Profiled at Seawork 2022, the offshore wind farm vessel Seacat Columbia doesn’t look that novel from the quayside – until you get a proper look at the far side of the boat, writes Stevie Knight. The BAR30-class vessel’s asymmetrical design may be surprising, “but the hull is 30% more efficient than a similar capacity cat for the same powertrain”, explains John Cooper of BAR Technologies. “It’s actually closest to a Polynesian outrigger canoe in shape,” adds partner Andy Page of Chartwell Marine, pointing out these craft historically made journeys with very little wind.
“Essentially, it has a longer, slender main hull – it has a 1.5m draught but, at 30m, it’s 5m longer than, for example, Seacat Weatherly,” says Cooper (see Significant Small Ships of 2020). Page adds: “Typically, cats have more volume forward to limit pitching, but this has a very fine entry.” Looked at front-on, there’s the narrow bow and, to the left, a slender strut supporting the torpedo shape of the swath-style outrigger: the effect is to reduce the total wetted area substantially, resulting in far lower resistance.
It yields enough hydrodynamic efficiency to pick up its beam further back, and the design bells out aft to allow both main engines and waterjets a place in the main body – and that can simplify propulsion layout. There’s also a fairly capacious 62m2 deck reaching across the whole to give a beam of 10.9m, with ample room for a couple of 10’ containers.
However, all this does require BAR Technologies’ ‘special sauce’ in the form of innovative hydrofoils, one of which is positioned just before the waterjets at the transom and the other mounted at the inboard side of the outrigger. These dynamic hydrofoils work collectively to control the roll and pitch of the boat, which reduces vertical acceleration by up to 70%: it is this seakeeping characteristic that will be of most interest to the crew in that “it feels much more like being on board a monohull”, Page explains. The foils also further reduce drag and increase fuel efficiency because, by levelling out the pitching motion, they ensure the boat is presented to the upcoming seas and waves in the most effective manner. This allows the twin MTU 12V8 engines and Kongsberg 853 waterjets to power the boat to its top speed of 31knots.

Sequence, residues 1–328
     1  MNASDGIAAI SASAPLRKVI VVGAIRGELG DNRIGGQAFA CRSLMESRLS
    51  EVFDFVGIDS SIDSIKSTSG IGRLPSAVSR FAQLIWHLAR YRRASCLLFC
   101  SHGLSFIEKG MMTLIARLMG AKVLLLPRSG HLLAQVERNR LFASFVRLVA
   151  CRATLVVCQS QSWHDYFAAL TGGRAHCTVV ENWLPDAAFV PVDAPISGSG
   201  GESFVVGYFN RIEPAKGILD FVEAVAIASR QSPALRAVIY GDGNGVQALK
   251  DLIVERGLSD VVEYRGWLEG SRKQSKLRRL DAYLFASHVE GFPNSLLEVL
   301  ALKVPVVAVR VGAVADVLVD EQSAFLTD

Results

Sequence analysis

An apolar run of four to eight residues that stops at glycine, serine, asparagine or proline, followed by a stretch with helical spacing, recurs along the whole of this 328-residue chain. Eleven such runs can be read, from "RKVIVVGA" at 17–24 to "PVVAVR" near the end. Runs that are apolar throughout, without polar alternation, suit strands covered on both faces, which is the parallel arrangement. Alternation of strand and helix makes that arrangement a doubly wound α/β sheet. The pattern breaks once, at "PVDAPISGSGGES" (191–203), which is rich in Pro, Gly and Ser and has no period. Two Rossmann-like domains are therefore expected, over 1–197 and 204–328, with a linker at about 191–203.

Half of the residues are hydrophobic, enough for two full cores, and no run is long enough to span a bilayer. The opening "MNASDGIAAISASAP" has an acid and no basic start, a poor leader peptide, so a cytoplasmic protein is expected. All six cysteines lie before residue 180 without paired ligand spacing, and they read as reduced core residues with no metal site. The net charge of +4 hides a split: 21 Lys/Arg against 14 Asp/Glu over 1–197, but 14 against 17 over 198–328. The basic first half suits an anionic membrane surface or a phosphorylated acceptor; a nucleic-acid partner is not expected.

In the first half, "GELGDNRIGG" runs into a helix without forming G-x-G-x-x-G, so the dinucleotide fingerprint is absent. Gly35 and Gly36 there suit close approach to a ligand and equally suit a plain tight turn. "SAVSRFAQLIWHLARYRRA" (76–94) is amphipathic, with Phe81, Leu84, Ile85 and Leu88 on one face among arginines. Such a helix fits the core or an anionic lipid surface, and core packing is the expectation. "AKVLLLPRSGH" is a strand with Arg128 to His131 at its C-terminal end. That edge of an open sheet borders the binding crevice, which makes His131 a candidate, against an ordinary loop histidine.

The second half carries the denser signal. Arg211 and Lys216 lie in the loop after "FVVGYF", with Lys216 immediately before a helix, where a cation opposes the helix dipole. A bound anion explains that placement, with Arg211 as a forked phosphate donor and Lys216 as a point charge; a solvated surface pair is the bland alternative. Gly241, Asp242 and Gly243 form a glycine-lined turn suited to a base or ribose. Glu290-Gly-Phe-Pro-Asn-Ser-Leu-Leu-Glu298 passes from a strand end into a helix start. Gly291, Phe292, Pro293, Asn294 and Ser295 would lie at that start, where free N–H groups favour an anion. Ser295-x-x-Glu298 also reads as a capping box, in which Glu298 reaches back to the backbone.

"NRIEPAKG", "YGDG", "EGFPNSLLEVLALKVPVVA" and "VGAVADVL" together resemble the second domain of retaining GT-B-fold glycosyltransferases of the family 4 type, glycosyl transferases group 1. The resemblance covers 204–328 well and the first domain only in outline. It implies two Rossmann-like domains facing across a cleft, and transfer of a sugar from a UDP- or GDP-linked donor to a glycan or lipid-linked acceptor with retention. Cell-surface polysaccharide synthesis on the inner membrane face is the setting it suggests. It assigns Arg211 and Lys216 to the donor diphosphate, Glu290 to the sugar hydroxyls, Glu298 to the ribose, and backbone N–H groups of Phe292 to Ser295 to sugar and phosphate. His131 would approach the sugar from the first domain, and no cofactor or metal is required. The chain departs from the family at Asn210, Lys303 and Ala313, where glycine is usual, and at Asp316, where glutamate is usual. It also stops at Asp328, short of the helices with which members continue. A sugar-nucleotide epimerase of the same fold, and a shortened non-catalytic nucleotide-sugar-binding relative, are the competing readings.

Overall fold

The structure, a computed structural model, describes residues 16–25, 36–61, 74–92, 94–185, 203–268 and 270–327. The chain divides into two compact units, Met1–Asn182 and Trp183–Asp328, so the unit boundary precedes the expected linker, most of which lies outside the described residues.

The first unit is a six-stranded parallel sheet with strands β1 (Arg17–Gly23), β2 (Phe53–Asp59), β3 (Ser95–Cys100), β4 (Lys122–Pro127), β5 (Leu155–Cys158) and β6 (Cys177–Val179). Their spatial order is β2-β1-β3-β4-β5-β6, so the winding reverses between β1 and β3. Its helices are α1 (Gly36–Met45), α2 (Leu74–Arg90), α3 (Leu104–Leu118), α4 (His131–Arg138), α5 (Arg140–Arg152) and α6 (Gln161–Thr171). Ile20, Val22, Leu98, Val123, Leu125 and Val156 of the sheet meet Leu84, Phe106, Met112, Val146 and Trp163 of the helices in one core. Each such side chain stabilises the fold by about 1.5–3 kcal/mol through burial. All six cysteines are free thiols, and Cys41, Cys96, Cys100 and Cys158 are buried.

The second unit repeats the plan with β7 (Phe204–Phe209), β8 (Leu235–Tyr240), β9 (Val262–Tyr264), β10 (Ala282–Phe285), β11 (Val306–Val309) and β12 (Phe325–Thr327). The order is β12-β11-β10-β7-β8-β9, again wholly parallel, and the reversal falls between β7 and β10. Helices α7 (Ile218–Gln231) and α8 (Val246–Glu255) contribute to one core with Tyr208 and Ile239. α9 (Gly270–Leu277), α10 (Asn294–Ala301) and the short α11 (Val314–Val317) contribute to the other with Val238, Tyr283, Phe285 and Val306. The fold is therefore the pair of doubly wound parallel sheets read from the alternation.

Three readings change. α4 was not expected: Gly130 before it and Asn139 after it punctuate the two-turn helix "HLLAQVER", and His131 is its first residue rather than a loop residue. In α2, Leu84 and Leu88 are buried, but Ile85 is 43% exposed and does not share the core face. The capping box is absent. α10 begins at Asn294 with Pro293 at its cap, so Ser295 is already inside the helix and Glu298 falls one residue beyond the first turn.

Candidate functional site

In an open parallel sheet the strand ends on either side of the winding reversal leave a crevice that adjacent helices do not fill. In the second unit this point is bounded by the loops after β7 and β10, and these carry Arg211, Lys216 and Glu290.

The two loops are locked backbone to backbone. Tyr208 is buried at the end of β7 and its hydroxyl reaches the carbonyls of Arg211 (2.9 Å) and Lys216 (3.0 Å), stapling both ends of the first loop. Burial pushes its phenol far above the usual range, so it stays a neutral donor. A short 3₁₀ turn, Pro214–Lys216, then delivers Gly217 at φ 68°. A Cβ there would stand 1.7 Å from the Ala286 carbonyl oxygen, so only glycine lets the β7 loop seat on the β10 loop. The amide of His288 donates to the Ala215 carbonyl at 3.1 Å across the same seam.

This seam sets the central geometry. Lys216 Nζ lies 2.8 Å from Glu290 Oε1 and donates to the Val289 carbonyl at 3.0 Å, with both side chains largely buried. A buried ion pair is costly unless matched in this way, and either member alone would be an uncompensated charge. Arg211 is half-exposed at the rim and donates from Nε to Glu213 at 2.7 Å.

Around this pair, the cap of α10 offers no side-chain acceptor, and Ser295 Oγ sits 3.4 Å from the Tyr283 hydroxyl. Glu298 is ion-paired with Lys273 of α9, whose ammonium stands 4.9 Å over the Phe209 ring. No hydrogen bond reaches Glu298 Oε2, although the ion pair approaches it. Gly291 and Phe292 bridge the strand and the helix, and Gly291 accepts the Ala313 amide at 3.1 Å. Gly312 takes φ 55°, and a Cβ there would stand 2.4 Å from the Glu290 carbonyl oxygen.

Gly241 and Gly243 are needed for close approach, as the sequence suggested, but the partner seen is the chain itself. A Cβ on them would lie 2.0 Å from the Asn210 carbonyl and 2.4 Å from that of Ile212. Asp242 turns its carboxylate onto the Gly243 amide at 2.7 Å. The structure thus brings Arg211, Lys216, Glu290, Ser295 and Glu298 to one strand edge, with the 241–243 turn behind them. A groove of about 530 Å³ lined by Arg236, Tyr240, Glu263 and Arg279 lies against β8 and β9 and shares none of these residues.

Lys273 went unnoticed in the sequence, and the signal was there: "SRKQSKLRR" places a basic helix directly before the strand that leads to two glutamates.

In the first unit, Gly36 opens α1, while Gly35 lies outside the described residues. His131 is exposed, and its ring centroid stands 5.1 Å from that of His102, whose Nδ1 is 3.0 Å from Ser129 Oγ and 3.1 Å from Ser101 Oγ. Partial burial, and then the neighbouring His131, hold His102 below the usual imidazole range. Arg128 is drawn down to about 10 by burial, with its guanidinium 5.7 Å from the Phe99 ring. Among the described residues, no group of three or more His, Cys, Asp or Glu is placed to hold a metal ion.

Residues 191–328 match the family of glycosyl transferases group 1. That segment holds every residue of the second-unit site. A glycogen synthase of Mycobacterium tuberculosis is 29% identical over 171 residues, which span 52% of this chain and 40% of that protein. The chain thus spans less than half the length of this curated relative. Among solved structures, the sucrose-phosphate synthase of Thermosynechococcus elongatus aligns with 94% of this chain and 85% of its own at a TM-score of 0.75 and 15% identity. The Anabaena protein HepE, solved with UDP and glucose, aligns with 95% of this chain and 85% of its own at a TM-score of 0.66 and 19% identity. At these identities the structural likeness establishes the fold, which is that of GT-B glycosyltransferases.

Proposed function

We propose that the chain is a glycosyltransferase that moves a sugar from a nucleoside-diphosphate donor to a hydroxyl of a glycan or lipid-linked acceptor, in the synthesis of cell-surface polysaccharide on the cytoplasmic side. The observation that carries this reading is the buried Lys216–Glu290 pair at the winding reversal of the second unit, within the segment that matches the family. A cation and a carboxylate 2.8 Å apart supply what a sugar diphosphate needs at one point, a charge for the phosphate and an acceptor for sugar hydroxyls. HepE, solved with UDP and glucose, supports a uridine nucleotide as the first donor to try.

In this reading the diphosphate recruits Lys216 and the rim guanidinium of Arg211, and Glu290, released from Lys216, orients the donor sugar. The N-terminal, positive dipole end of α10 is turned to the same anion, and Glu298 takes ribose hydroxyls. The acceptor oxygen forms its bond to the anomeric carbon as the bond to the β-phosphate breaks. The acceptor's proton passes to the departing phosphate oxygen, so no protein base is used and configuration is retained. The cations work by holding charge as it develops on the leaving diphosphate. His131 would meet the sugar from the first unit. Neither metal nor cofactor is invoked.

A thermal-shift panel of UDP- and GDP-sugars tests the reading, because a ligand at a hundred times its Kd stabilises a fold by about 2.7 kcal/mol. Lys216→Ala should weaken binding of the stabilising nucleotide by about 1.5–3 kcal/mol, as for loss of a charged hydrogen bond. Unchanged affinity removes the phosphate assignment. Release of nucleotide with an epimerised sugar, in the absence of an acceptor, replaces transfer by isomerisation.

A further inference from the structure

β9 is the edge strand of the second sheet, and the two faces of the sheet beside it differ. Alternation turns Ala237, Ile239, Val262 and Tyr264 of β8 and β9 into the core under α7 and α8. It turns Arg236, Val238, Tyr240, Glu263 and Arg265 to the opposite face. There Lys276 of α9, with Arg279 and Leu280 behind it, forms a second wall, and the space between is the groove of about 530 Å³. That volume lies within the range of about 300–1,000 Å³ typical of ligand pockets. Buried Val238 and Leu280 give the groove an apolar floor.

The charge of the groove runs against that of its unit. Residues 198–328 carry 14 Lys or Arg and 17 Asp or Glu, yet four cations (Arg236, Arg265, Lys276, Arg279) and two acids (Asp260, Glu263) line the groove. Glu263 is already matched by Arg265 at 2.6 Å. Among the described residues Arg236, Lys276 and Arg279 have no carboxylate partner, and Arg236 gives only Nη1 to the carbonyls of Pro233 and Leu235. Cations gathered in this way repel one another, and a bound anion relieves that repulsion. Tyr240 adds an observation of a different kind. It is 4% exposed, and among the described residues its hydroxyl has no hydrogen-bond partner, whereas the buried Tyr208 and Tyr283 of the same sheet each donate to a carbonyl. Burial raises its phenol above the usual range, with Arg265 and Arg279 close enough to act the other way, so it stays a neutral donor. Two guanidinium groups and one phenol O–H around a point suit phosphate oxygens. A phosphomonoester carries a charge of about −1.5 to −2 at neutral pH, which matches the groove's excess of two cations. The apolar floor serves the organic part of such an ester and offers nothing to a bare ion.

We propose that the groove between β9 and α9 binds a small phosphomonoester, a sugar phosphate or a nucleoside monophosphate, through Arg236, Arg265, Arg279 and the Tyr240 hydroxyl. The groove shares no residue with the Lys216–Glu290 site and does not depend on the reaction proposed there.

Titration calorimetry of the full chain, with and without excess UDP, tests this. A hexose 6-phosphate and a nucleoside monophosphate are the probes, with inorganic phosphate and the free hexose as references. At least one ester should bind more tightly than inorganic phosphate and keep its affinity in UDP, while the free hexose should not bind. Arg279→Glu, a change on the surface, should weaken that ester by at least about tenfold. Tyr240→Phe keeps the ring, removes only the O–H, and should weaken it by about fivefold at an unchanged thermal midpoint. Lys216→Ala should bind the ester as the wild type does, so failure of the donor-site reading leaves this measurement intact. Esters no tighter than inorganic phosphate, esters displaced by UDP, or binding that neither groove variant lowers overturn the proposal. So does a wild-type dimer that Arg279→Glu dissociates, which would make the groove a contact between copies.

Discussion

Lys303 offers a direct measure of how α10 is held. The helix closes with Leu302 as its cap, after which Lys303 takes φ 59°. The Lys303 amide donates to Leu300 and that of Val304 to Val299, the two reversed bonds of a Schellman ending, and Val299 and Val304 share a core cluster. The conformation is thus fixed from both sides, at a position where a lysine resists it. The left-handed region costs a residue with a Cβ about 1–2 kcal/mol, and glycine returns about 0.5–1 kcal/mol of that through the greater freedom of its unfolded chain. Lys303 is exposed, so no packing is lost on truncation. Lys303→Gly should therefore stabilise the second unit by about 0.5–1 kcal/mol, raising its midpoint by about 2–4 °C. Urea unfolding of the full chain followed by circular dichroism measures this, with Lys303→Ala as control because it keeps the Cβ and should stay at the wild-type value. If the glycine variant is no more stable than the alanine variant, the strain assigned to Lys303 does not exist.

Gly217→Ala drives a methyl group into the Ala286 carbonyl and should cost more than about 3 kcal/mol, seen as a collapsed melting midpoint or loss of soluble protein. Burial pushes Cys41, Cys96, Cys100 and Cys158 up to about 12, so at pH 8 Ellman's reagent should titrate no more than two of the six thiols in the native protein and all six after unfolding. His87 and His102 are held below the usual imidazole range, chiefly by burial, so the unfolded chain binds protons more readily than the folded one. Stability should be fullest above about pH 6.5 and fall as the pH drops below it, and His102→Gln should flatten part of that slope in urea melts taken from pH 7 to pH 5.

BAR Tech has also concentrated on slow-speed manoeuvring. Notably, the outrigger thruster, normally set perpendicular to the water flow, is positioned in-line, fore and aft, yielding a sturdy turning response. Further, Seacat Columbia can handle far higher seas – up to 2.5m Hs – both in transit and at the tower, rather than the more typical 1.5-1.75m Hs limit. It all makes for a convincing business case: “For example, at Dogger Bank, this type of boat will give you 10 days’ additional operation per year, taking in most of the windiest periods because that’s when you really need the maintenance,” says Page.
Built at Diverse Marine’s Medina Yard facility on the Isle of Wight, Seacat Columbia is likely to find its first charter around Scotland – but, according to Cooper “there’s also strong interest from floating farm developers and also from Asia, where the windfarms are much further out and you are dealing with big seas, needing a design with greater capability”. He adds: “The US especially is interested in growing its wind power sector: we can deliver a more effective vessel more cheaply than currently available over there, and of course all this impacts the MWh price of wind energy.”
But the future of this hullform is not just limited to wind farm maintenance: it makes for a very useful, stable platform with low running costs, so a 40m version could be used as a ferry, or “could even find a place as an unmanned geosurvey vessel for deeper waters”, Cooper concludes.